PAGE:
To live in an Emotionally Rarefied Air of Instrumental Urbanism Impregnated by Dry Dreams of Super-success


Edward Hopper, “People in the Sun” (1960)

People depicted here by Hopper cannot just relax in the sun. Instead, they project to the situation of taking sun their rigidities and stresses, and their business oriented energies over-stimulated by science fiction – poetry of entrepreneurial world. In their solemnly frozen poses we feel their unconscious intention of taking trip… to the sun – we see that they are as though physically moving/traveling towards the sun while sitting in a kind of starship (may be, with a dream of starting a business there of getting some of the sun’s “natural resources”).

Hopper humorously emphasizes his generic characterization of landscape – nature by itself is not important and not interesting for these people who perceive it like the executives or engineers of mining company. What is of utmost importance, what makes sense for them is not the present but the future. The guy with a book looks as if he is reading not a book but a manual or a catalog.

The dryness of nature makes people’s shadows more alive than their figures and faces, and corresponds to aesthetic insensitivity of their souls. But it is not only the people we see who like chess pieces “passively” and mechanically move ahead, but an inanimately geometrical world of a “civilization” that advances into a nature which already looks like a mural painting framed by the side of the building and by the margin of the sharp-edged stony open terrace.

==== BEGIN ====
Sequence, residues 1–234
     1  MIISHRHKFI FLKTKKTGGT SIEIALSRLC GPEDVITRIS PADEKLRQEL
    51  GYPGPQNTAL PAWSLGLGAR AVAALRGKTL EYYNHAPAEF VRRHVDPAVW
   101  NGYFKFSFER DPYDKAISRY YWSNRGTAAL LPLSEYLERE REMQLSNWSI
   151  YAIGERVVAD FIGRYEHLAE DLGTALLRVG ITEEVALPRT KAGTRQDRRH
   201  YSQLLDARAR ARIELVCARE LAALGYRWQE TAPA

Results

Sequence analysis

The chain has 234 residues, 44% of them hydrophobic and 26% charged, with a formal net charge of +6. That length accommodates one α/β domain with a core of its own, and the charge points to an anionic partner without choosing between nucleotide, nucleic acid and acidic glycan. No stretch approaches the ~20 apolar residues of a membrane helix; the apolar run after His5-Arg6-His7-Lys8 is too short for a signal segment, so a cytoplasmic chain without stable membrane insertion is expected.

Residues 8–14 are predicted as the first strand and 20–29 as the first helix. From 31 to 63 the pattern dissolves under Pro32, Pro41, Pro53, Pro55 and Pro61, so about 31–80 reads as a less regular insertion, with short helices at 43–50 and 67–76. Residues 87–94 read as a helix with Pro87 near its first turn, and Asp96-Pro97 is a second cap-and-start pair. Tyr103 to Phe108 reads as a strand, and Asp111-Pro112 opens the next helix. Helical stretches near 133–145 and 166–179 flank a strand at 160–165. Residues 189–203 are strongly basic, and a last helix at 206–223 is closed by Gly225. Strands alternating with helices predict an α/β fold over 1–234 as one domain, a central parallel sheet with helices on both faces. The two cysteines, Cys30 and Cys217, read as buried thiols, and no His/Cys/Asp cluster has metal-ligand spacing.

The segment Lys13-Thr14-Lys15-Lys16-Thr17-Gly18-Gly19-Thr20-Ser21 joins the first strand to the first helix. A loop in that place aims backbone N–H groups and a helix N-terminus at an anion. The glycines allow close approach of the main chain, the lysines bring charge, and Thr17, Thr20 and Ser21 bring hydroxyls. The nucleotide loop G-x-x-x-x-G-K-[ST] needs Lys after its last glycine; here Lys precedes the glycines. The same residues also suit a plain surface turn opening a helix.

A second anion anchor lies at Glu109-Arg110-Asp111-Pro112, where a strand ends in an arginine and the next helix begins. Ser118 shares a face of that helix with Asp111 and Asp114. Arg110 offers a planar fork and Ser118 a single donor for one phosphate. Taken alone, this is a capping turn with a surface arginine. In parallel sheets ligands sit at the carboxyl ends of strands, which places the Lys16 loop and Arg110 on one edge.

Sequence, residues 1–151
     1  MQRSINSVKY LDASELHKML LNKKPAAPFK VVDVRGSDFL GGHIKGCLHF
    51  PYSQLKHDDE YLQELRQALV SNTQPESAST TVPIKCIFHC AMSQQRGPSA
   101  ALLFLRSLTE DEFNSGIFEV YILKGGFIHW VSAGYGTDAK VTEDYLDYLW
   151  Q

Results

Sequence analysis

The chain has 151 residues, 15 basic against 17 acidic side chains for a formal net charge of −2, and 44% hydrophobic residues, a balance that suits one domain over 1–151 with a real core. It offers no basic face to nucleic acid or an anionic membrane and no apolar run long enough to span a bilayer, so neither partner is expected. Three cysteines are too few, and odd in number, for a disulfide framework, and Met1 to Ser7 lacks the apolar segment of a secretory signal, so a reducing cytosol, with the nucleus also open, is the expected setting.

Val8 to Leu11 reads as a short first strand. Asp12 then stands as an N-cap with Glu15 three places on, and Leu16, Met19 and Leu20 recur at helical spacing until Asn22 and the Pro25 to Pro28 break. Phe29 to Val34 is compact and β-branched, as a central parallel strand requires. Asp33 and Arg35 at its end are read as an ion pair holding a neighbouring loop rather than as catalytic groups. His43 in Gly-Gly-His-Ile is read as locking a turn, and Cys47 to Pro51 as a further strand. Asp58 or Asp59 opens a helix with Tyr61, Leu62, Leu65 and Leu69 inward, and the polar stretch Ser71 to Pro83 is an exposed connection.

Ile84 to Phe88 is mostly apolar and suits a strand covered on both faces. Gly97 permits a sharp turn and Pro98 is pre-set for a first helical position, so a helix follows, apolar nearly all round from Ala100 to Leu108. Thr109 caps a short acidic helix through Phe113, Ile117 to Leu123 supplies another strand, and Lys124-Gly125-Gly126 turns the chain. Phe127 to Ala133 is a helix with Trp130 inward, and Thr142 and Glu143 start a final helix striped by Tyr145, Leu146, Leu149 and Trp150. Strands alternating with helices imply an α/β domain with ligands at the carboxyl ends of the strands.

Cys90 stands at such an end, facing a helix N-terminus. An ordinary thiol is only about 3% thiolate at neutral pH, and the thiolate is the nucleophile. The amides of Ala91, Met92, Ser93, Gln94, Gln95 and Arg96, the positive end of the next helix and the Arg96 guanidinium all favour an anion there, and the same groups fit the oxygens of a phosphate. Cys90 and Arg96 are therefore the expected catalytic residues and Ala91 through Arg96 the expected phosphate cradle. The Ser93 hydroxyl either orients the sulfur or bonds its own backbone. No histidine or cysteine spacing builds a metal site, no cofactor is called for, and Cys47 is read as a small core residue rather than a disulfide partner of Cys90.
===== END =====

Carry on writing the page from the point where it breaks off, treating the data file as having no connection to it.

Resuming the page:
Edward Hopper, “Morning Sun” (1952)

Looking at this woman in her ascetic bedroom we feel that she is not just looking out through the window or giving herself to the sun, but rather is experiencing something else. Hopper consciously, no doubt, is not referring to the presence of a glass window at all, and this makes the border between the two spaces: inside and outside, dissolve – she looks outside as if from a cave. We observe here, it seems an extreme condition of extraversion when only what is outside us is perceived as giving you a life, identity and being. And if you are without this outside you don’t know who you are, you don’t feel yourself at all. The external world then functions like a kind of a magic mirror that secretly reflects you masked under what we perceive from outside. You recognize yourself only as an echo of an external world.

The woman in the painting gives herself to the window like to her habitual and domineering lover. The psychological feature concomitant to this extreme need in externality (like newborn‘s need in mother’s breast) is a drastic impoverishment of the internal world. To depend so much on the external world means a primordial – axiomatic conformity and the absence of personal responsibility for our actions when the very organization of life in a society is perceived as a command to unconditionally follow its “commandments” and values.

The anonymous interior of the bedroom signifies the empty shell of the non-existent internal world. It consists of naked walls, a vast but minimalist mattress with piously bluish sheets, and mute opening to the world of the city that is depicted as consisting of a generalized sky, sunlight suspended in the air and a part of a monstrous building that can be a factory, a prison or a combination of both (as a more complex metaphor of what came to be the urban space for the mass Americans in the middle of 20th century).